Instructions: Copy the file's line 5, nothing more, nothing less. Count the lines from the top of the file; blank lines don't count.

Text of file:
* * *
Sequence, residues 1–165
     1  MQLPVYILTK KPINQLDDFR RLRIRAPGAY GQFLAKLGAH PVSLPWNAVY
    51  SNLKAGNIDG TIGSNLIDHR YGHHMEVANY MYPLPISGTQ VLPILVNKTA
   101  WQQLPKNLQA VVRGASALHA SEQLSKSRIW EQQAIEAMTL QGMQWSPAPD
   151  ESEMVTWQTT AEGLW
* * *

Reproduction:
   151  ESEMVTWQTT AEGLW